Hanging Out in Rockford: Being Irish times two

I didn’t know what I was getting myself into when I called to see about who runs the Irish parade. I had been at the Larry Morrissey celebration of his Italian heritage when I heard Bill Shannon say they wanted to have a big Irish celebration for the mayor on St. Patrick’s Day. My curiosity was piqued.

I called around—the Rockford Area Economic Development Council, the Chamber of Commerce—and finally got the number of the president of the Irish Marching Society, Chris Walker, from Cyndie Hall at City Hall. I knew Cyndie was the go-to gal for any event you want to have in downtown Rockford. No wonder they moved her to her new gig. Cyndie supplied me with the name and number right away.

I coordinated a meeting of the society and the mayor at the Irish Rose. We talked about making the parade bigger and better. I wanted to try to have the celebration downtown; it was my secret agenda. Plans were already undertaken to have the after-parade party at Lyran Hall. Lori Cass was in charge. Don’t ever try to mess with the plans of a stubborn Irish woman, especially one who is pretty.

Actually, Lori allowed me to try for a couple of other venues. We looked at the idea of having it at the MetroCentre in the lobby, and we also looked at having it in the building the city owns along the river. But I talked to Corey Pearson about the MetroCentre lobby and to Jim Ryan about the Ingersoll space, and neither was available. I had to go back to Lori, hat in hand.

We had another meeting at the Lyran after it had been decided that was our final destination. (I am struck by the fact that, of all people, the Irish—with the largest ethnic representation in the city—have no club in Rockford they can call their own. My only explanation is that we were all in bars.) At the meeting, I open my big mouth and offer to do the corned beef. I want to do corned beef and cabbage, but they talk me out of it and say they have always just done sandwiches. Turns out to be wise advice.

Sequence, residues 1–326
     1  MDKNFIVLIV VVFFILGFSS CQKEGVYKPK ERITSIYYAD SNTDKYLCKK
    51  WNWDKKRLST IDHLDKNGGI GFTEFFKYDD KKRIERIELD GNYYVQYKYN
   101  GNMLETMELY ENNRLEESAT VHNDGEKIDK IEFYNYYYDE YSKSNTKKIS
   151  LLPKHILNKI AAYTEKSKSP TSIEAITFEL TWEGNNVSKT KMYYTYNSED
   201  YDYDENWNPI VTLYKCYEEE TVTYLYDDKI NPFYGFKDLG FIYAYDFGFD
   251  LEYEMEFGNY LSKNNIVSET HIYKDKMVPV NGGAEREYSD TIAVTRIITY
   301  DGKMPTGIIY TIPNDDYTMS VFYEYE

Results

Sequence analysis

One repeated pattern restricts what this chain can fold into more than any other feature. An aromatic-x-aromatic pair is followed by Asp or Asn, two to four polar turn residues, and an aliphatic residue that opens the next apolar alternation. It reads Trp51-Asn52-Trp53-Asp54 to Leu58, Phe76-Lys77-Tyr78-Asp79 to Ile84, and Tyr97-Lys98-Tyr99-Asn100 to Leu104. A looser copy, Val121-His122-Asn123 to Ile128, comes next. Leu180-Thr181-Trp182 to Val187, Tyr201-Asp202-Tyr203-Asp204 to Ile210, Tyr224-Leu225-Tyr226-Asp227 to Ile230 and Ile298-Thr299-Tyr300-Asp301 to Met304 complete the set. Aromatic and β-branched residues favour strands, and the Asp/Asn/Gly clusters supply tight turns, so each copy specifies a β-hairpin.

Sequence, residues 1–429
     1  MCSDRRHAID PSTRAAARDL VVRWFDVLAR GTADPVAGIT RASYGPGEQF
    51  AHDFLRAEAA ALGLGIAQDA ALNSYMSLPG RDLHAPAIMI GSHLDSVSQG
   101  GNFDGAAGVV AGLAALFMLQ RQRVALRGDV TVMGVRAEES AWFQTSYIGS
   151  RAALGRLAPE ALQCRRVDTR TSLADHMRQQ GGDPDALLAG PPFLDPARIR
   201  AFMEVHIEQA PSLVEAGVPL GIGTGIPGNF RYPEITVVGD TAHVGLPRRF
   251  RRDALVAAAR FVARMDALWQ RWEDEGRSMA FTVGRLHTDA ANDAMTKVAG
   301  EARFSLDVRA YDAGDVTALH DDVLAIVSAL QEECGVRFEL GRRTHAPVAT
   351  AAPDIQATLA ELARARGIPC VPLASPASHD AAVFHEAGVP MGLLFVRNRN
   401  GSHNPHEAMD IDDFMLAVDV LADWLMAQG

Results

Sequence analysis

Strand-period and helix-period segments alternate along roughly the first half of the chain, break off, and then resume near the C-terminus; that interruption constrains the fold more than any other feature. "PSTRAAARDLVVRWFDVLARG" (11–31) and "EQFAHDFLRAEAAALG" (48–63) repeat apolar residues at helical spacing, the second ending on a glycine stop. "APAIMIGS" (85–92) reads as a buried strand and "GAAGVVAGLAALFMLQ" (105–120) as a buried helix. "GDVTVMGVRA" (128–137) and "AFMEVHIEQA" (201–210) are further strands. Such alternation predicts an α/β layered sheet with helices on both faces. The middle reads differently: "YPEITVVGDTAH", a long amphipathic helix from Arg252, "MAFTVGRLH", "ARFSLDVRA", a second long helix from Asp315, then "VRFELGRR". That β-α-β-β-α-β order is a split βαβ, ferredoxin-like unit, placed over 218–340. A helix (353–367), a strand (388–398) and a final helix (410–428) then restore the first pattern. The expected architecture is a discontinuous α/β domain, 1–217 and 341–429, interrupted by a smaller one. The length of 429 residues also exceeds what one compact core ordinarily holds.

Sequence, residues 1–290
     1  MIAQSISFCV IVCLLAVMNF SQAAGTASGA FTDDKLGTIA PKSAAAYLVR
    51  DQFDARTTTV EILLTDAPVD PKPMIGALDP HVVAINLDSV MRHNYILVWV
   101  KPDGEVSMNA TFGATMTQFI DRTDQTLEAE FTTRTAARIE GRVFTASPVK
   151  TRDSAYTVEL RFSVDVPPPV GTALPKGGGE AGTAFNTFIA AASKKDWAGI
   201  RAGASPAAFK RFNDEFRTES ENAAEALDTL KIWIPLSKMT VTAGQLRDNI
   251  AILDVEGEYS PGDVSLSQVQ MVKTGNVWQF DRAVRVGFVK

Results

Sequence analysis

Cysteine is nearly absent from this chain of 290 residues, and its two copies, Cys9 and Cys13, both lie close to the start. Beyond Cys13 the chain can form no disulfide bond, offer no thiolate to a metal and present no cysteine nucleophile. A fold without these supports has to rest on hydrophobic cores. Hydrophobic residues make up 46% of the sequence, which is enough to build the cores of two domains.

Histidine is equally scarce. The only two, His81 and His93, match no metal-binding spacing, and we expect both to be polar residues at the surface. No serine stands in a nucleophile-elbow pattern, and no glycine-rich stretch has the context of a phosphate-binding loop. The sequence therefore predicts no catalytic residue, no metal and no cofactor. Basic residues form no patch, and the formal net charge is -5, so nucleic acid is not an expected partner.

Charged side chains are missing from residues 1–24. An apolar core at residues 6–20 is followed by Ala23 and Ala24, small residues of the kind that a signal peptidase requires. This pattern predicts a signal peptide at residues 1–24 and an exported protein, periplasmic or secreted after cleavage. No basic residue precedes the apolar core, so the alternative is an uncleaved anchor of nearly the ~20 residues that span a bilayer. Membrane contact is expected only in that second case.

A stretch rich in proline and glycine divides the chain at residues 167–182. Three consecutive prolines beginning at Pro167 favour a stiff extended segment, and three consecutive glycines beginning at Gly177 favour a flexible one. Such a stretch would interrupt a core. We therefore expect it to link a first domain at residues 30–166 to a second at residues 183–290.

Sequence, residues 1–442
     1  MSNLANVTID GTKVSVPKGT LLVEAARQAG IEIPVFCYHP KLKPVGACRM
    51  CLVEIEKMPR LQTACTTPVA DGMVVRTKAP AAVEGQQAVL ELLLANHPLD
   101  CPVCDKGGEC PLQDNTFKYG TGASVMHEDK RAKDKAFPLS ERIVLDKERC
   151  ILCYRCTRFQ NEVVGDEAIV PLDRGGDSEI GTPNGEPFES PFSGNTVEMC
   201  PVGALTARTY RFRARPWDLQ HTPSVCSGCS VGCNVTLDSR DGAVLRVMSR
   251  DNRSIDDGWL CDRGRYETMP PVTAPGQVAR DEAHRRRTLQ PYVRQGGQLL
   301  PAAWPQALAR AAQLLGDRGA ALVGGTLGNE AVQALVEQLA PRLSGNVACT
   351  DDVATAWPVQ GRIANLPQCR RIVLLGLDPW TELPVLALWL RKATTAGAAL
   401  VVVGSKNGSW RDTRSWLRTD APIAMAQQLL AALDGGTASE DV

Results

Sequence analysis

I plan and plan. I buy the corned beef from Robert’s packing in Chicago. Mike the father, and Mike the son. When we were looking for a corned beef supplier last year, we bought samples from a number of purveyors, and cooked them off. When the father-and-son Irish team beat everyone else out, I hit myself on the head the way my mother would have. “Of course!” I told Troy, “It would have to be the Irish father and the Irish son who would have the good corned beef!”

I get the hot dogs from Red Hot Chicago, right across from Economy packing, and recently the subject of an article in the Reader. I think they are the best. I get the buns from Roma Bakery. I think John and his dad Gene run the best small bakery in the city. I always like to do business with families, especially when it comes to food. It has something to do with pride. Lori gets Mrs. Fisher’s Potato Chips. What else can you say?

I get to the Lyran late. I was shooting for 3, but sometimes 3 becomes 4, and I arrive in the nick of time. We frantically dump corned beef and hot dogs into Nesco roasters, which other volunteers have supplied. People wait patiently as we sort our thing out. Finally, we are ready. Then, it is hand out sandwiches as fast as you can for about two-and-a-half hours. Then, I walk out on the floor for the first time. Julie Styles gives me permission. I see the mayor, I see the Lorden’s; I see Chandler Anderson, who has to buy me a drink because I have forgotten money. I rescue my van that I have left running in the street for several hours with the flashers going. Luckily, no one wanted it.

I wind up sitting with the mayor’s sister and some other women friends, when they say they want to try the corned beef sandwiches. I say I can provide them with sandwiches (but remember, I have no money). I go over to the red-headed Irish woman who is handling the tickets for the sandwiches and ask for a couple corned beef sandwiches. She absolutely refuses me. God love the Irish.

Afterward, I get too drunk and walk out on a friend (at the Casbah) and then sulk back to my lonely apartment. Sometimes I can be so stupid, but then can’t we all? The wonderful part of this is we get to do it all over next week. Maybe my friend will help me, and I won’t get as stupid again. Anyway, it’s St. Patrick’s Day again on Saturday, the 16th time in this location of the Irish Rose and maybe the 25th time downtown.

Mike Leifheit’s “Hanging Out In Rockford” reviews locally-owned restaurants, businesses and Rockford life. These columns are available on his Web site, IrishRoseRockford.com. Leifheit is owner of the Irish Rose restaurant in the downtown River District.

From the March 15-21, 2006, issue

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